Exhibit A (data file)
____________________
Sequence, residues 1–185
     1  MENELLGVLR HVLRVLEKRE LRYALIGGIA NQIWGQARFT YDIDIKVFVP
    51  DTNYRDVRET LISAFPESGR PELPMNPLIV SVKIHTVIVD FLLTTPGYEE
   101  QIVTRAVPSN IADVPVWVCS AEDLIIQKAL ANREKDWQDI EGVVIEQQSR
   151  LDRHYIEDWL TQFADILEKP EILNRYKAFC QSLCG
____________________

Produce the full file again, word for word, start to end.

Sequence, residues 1–185
     1  MENELLGVLR HVLRVLEKRE LRYALIGGIA NQIWGQARFT YDIDIKVFVP
    51  DTNYRDVRET LISAFPESGR PELPMNPLIV SVKIHTVIVD FLLTTPGYEE
   101  QIVTRAVPSN IADVPVWVCS AEDLIIQKAL ANREKDWQDI EGVVIEQQSR
   151  LDRHYIEDWL TQFADILEKP EILNRYKAFC QSLCG